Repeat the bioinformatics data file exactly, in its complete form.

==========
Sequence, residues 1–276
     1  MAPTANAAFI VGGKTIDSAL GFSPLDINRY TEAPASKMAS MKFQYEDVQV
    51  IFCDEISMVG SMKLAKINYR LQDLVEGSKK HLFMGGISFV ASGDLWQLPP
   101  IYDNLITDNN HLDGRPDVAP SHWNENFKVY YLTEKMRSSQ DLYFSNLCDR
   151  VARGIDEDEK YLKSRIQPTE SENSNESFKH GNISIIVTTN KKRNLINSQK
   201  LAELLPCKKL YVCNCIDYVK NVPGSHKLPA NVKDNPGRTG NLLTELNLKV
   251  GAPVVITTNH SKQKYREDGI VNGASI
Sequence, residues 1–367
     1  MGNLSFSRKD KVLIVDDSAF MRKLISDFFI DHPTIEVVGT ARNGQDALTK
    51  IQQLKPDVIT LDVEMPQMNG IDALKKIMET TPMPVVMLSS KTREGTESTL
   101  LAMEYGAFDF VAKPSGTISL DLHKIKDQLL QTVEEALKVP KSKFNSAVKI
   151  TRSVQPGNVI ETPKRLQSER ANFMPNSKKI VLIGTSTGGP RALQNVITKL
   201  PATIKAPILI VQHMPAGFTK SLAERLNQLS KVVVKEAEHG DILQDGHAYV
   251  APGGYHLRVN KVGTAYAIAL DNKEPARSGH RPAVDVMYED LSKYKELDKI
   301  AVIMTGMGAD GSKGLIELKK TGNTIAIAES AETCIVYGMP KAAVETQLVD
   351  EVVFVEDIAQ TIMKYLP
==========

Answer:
Sequence, residues 1–276
     1  MAPTANAAFI VGGKTIDSAL GFSPLDINRY TEAPASKMAS MKFQYEDVQV
    51  IFCDEISMVG SMKLAKINYR LQDLVEGSKK HLFMGGISFV ASGDLWQLPP
   101  IYDNLITDNN HLDGRPDVAP SHWNENFKVY YLTEKMRSSQ DLYFSNLCDR
   151  VARGIDEDEK YLKSRIQPTE SENSNESFKH GNISIIVTTN KKRNLINSQK
   201  LAELLPCKKL YVCNCIDYVK NVPGSHKLPA NVKDNPGRTG NLLTELNLKV
   251  GAPVVITTNH SKQKYREDGI VNGASI
Sequence, residues 1–367
     1  MGNLSFSRKD KVLIVDDSAF MRKLISDFFI DHPTIEVVGT ARNGQDALTK
    51  IQQLKPDVIT LDVEMPQMNG IDALKKIMET TPMPVVMLSS KTREGTESTL
   101  LAMEYGAFDF VAKPSGTISL DLHKIKDQLL QTVEEALKVP KSKFNSAVKI
   151  TRSVQPGNVI ETPKRLQSER ANFMPNSKKI VLIGTSTGGP RALQNVITKL
   201  PATIKAPILI VQHMPAGFTK SLAERLNQLS KVVVKEAEHG DILQDGHAYV
   251  APGGYHLRVN KVGTAYAIAL DNKEPARSGH RPAVDVMYED LSKYKELDKI
   301  AVIMTGMGAD GSKGLIELKK TGNTIAIAES AETCIVYGMP KAAVETQLVD
   351  EVVFVEDIAQ TIMKYLP